PR head at Marriott it Kathleen Matthews, former D.C. on-air telecaster and wife of Chris “Tell me something I don’t know” Matthews of MSNBC’s “Hardball.”
Stephanie Stinn of Lockheed-Martin and Mary Dugenski of Cox Enterprises are also on the Georgia chapter board. Coca-Cola, represented at career day by Kate Hartman who will talk about Coke at the 2012 Olympics in London, has two Assembly delegates—Ray Crockett, retired but still associated with Coke, and Kent Landers, group director, corporate media relations.
Landers has opted out of e-mail in his Society member listing. Questions about Coke’s intern policies have been left with a PR staffer.
Coke is supposedly a friend of youth but students should read “Endless Barrage of Hard Sell” in the Feb. 12 New York Times which says Coke and others bombard children with commercials pitching fast foods, sugared cereals, sugary drinks and candy. Coke is said to be the “most popular brand on Facebook with 58 million fans.”
Children share Coke posts with their friends. Ads try to involve the children and others in games and contests.
The Georgia chapter of PRSA does not make it easy to reach its directors.
Only their names and companies are listed on the chapter website. There are no titles, phone numbers or e-mails.
Reaching any of the board members took some doing. Even if reached, none would comment or get involved in what is going on at the Feb. 22 career day.
The New York chapter officer/board web listings put Georgia to shame. Not only are the phone numbers, employers and titles there for nearly 70 leaders, but also their e-mails and many of their cell phones.
Corporate/institutional gag orders are common and include “45 pages of corporate terrorism” by Viacom (as described by the Village Voice) and the Society’s own gag order covering officers, directors, members and staff.
Since ducking phone calls and e-mails has become national habit, and especially in PR and journalism, we had the suspicion that all three press contacts at Georgia-Pacific were there listening to our messages.
The Jan. 28 New Yorker humorous piece by Colin Jost titled “Automatic Reply” tells of someone ducking calls and e-mails with all sorts of canned excuses while actually keeping careful track of each one as it arrives.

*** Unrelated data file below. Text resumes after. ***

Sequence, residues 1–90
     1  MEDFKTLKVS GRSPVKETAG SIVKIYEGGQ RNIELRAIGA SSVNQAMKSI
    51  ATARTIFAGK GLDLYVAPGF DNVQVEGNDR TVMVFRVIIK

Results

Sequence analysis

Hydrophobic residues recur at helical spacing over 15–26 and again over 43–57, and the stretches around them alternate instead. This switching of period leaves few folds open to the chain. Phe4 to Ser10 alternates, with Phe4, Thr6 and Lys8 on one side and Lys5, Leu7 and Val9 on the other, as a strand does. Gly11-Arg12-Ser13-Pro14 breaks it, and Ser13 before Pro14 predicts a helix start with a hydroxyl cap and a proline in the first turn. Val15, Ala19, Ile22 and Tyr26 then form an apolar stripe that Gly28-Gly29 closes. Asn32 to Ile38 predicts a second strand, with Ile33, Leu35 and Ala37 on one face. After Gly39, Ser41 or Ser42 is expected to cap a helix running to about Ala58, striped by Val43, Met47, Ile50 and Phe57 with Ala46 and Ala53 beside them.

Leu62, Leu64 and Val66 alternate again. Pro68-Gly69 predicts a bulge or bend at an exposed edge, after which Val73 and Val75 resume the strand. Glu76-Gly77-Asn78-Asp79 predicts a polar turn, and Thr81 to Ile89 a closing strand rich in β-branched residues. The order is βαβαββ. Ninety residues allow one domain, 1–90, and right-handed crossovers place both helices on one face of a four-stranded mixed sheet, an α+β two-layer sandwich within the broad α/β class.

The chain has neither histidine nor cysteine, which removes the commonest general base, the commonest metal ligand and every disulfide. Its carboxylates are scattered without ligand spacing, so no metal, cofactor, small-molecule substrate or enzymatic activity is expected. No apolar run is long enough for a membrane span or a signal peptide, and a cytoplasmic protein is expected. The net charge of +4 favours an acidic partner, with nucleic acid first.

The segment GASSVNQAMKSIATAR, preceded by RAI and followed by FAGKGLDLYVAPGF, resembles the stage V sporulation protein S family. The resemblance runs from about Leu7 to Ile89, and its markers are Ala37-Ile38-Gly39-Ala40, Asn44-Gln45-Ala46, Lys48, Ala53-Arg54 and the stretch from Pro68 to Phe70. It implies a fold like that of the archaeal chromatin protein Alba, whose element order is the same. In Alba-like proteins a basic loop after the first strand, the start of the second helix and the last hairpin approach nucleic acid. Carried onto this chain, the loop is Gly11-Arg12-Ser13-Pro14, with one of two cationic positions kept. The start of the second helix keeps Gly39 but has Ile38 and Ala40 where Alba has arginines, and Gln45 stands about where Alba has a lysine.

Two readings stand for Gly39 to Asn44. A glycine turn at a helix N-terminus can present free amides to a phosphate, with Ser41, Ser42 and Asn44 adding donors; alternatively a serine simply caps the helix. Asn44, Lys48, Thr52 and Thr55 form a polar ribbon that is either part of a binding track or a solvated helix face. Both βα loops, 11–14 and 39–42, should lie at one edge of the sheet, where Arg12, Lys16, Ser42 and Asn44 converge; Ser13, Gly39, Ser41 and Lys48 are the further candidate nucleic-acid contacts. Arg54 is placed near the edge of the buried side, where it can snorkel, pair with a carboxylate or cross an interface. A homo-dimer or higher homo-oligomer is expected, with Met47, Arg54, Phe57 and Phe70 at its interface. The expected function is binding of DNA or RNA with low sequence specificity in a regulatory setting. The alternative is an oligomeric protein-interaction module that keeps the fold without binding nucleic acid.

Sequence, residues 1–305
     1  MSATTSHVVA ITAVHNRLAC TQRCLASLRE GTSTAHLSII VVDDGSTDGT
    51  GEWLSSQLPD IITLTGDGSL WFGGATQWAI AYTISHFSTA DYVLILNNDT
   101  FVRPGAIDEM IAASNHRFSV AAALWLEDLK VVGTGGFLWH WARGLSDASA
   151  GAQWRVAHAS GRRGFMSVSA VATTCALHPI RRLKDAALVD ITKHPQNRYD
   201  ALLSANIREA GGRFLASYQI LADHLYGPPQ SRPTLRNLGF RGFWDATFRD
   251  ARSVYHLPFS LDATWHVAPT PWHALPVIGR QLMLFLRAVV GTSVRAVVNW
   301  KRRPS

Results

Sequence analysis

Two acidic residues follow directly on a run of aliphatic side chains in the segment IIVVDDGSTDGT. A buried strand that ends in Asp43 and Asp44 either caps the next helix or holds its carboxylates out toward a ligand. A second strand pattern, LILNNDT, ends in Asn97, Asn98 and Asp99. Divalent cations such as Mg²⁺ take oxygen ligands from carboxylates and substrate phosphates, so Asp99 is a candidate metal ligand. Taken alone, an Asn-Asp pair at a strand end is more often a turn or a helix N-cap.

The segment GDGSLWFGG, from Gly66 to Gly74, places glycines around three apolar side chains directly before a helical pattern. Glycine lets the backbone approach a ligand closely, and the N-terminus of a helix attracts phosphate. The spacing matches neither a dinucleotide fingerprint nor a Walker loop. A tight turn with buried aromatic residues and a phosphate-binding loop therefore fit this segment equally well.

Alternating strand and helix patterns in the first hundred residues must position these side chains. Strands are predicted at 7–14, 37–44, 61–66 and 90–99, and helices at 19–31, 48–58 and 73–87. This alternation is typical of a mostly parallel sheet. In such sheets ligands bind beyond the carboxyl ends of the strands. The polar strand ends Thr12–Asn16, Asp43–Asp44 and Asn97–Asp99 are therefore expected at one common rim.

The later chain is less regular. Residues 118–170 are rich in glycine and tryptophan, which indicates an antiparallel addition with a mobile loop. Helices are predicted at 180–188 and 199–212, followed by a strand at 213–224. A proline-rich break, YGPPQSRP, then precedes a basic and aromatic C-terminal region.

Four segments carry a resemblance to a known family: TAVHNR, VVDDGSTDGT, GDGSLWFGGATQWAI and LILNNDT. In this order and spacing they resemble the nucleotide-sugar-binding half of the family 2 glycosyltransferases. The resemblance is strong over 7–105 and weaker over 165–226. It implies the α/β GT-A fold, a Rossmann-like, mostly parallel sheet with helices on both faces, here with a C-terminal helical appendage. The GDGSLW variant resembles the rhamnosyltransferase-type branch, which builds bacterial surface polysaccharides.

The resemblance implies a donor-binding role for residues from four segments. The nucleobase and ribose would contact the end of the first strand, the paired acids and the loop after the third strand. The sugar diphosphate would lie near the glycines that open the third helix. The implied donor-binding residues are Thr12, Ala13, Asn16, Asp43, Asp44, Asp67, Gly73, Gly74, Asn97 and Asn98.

We believe Jost was describing a PR practitioner.
Just about as hard to reach by phone or e-mail are editors. Students thinking of going into PR should get a taste of the frustrations that await them in “communications.” Electronic devices have become barriers to communications rather than facilitators of it.
Students should view the YouTube of noted intellectual Noam Chomsky who says the irrationality of PR and advertising is pervasive in American life and is a threat to democracy.
Questions are below that the students should join us in submitting to Thompson and Nall before the conference, giving them time to come up with answers.
This blog as well as three others and copies of O’Dwyer’s Directory of PR Firms and the 12 most recent issues of O’Dwyer’s magazine have been sent to PR student chapter advisers and leaders at 11 Georgia institutions—University of Georgia, Georgia State, Berry College, Clark Atlanta, Georgia Southern, Kennesaw State, Savannah State, University of West Georgia, Valdosta State and Georgia College and State University.
Several professors thanked us for the materials and one said she was “amazed” that such resources exist.
1. Why is the chapter charging students to attend its career day when many of them are already burdened with debt and working as well as going to college and you have more than $300K in cash sitting in a bank?
2. Why have you barred a literature table when directories of PR firms, companies and non-profits are what job and intern-seeking students need? They also need a list of 43 PR recruiters which is available.
3. Your theme is “Real World” so why aren’t you displaying books such as Deadly Spin, The Tylenol Mafia, Army of Entrepreneurs, Power House (bio of Bob Gray of D.C.) and Always Live Better Than Your Clients (bio of Ben Sonnenberg) and other books that are rich in details of what actually goes on in PR?
4. Why doesn’t the Society allow reporters as members when every press club in the U.S. including the Atlanta Press Club allows PR people to join (as does the International Assn. of Business Communicators, a 14,000-member near duplicate of the Society)?
5. How can you reject the offer of the O’Dwyer Co. to provide ten sets of 12 magazines, each one of them focusing on specialty such as healthcare or food & beverages, when one of your panels is on PR specialties and food & beverage and healthcare PR are specifically mentioned?
The O’Dwyer’s March issue profiles dozens of food/beverage practices of PR firms and the October issue does the same for healthcare. Members conducting the panel are Mike Neumeier of the Arketi Group, former chapter president; Patty Gregory, Children’s Healthcare of Atlanta; Jacqueline Petty, Kellen Co., and Karlie Lahm, Moe’s.